‘Brave Learner’: A Conversation With Homeschool Expert Julie Bogart

By Barbara Danza, Epoch Times
April 16, 2019 Updated: April 16, 2019

While perusing the shelves of the Education section of Barnes & Noble, as I often do, a new title jumped out at me: “The Brave Learner: Finding Everyday Magic in Homeschool, Learning, and Life” by Julie Bogart.

“Yes!” I thought. “Everyday magic. That’s just what I’m aiming for and what I know enhances learning for my children—for everyone.”

I scooped up the book and raced through its pages as one does when each page leads to inspiring insights, encouragement, and delight. And, you know what, I can’t wait to read it again. It’s a book that is both inspiring and reassuring, while offering specific ideas that can be applied immediately. “The Brave Learner” will be a permanent resource in my family’s homeschool.

In “The Brave Learner,” Bogart talks about ideas like “enchantment” and “magic” and “pixie dust,” tying them with practical application and examples of lived experience. Bogart homeschooled her five now-grown children over 17 years. She is the founder of the Homeschool Alliance, which provides coaching to homeschool parents and the creator of the Brave Writer program, a writing and language arts homeschool curriculum.

I asked Bogart about “The Brave Learner” and her experience as a homeschool mom, in general. Here’s what she shared.

The Epoch Times: When did you decide homeschool was the best choice for your family? What brought you to that decision?

Julie Bogart: When I was 22 years old, not engaged, not married, a friend of my soon-to-be-fiancé put a question to me, to see if I’d pass his test. “Julie, will you homeschool your kids?” I replied: “Home … School?” I had never heard of the term. He went on to explain the new concept to me: that we had the right to raise our children the way we wanted to, educating them according to our values, growing a close relationship at the same time. His passion was contagious. By the end of his speech, I agreed: “Yes! I will homeschool my children.”

Over the next several years, I watched his family’s example and that of my sister-in-law. I read books about education and homeschooling. I became completely converted to this radical educational choice in the late 1980s. By the time my oldest child turned 6, there was no decision. I had been destined to homeschool from before the time Noah was even conceived.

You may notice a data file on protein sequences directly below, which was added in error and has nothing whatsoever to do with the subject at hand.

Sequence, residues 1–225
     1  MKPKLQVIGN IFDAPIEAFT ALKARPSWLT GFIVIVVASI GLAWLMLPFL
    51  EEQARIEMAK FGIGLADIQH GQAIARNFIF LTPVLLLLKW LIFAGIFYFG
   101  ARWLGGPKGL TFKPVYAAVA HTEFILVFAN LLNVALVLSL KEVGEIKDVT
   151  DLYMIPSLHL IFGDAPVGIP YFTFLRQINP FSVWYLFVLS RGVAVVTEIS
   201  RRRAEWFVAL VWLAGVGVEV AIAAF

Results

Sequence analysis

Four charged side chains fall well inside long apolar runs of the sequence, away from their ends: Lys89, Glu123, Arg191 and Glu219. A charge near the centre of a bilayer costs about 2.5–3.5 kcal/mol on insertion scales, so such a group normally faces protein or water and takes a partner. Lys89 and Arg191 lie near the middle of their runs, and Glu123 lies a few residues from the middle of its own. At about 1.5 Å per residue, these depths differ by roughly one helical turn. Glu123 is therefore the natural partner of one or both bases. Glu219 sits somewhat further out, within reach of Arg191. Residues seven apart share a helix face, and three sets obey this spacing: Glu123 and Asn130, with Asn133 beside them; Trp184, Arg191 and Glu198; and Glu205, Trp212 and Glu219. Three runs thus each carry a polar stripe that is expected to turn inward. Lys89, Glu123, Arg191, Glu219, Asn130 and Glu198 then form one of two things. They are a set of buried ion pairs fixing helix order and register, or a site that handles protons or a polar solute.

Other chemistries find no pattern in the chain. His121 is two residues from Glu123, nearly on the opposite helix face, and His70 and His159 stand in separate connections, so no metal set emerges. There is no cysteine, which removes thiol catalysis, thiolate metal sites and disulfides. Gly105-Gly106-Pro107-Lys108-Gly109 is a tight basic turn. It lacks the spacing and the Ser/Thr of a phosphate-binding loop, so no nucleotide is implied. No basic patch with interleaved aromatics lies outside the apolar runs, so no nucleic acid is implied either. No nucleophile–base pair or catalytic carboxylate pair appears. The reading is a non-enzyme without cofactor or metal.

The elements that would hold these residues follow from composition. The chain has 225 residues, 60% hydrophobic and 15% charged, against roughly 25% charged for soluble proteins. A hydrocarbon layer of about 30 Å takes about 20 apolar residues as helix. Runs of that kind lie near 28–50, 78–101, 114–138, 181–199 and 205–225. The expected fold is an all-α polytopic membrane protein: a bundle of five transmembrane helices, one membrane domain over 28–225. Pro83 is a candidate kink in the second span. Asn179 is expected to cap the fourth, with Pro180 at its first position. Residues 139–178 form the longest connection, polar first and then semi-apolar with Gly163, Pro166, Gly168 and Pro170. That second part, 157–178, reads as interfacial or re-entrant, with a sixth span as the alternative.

The Epoch Times: “The Brave Learner” encourages parents to incorporate “enchantment” in their homeschool and family lives. It introduces the “four forces of enchantment: surprise, mystery, risk, and adventure.” What’s your fondest memory of this manifesting in your family’s homeschool?

Ms. Bogart: Poetry Teatime is a weekly practice I stumbled upon early in my children’s lives. I had this love for poetry that most other adults didn’t share. I wondered how I could protect my children from dismissing poetry or hating it. One day I was reading a homeschool email on an email list by a mom who had created this cozy environment to study geography terms with her kids. She had served tea. That sparked an idea in my mind. I was a daily British tea drinker! My children loved tea parties. I could pair the tea party experience with poetry. And so we did. We gathered candles and teacups, special plates, and a centerpiece made of nature items. I stacked the table with poetry books. We made tea and muffins.

Then we sat together paging through the books, each one of us looking for a poem to share with the gathered family. The surprise of a party in the middle of the school day, the mystery of what we might find in our books that would delight us, the risk to share a poem and see the reaction of each one’s face, and the adventure of setting the party into motion from baking to decorating to clearing up—all of this created a slam dunk educational experience. We continued this practice weekly (sometimes more) throughout their childhoods. My adult kids still love poetry … and tea parties.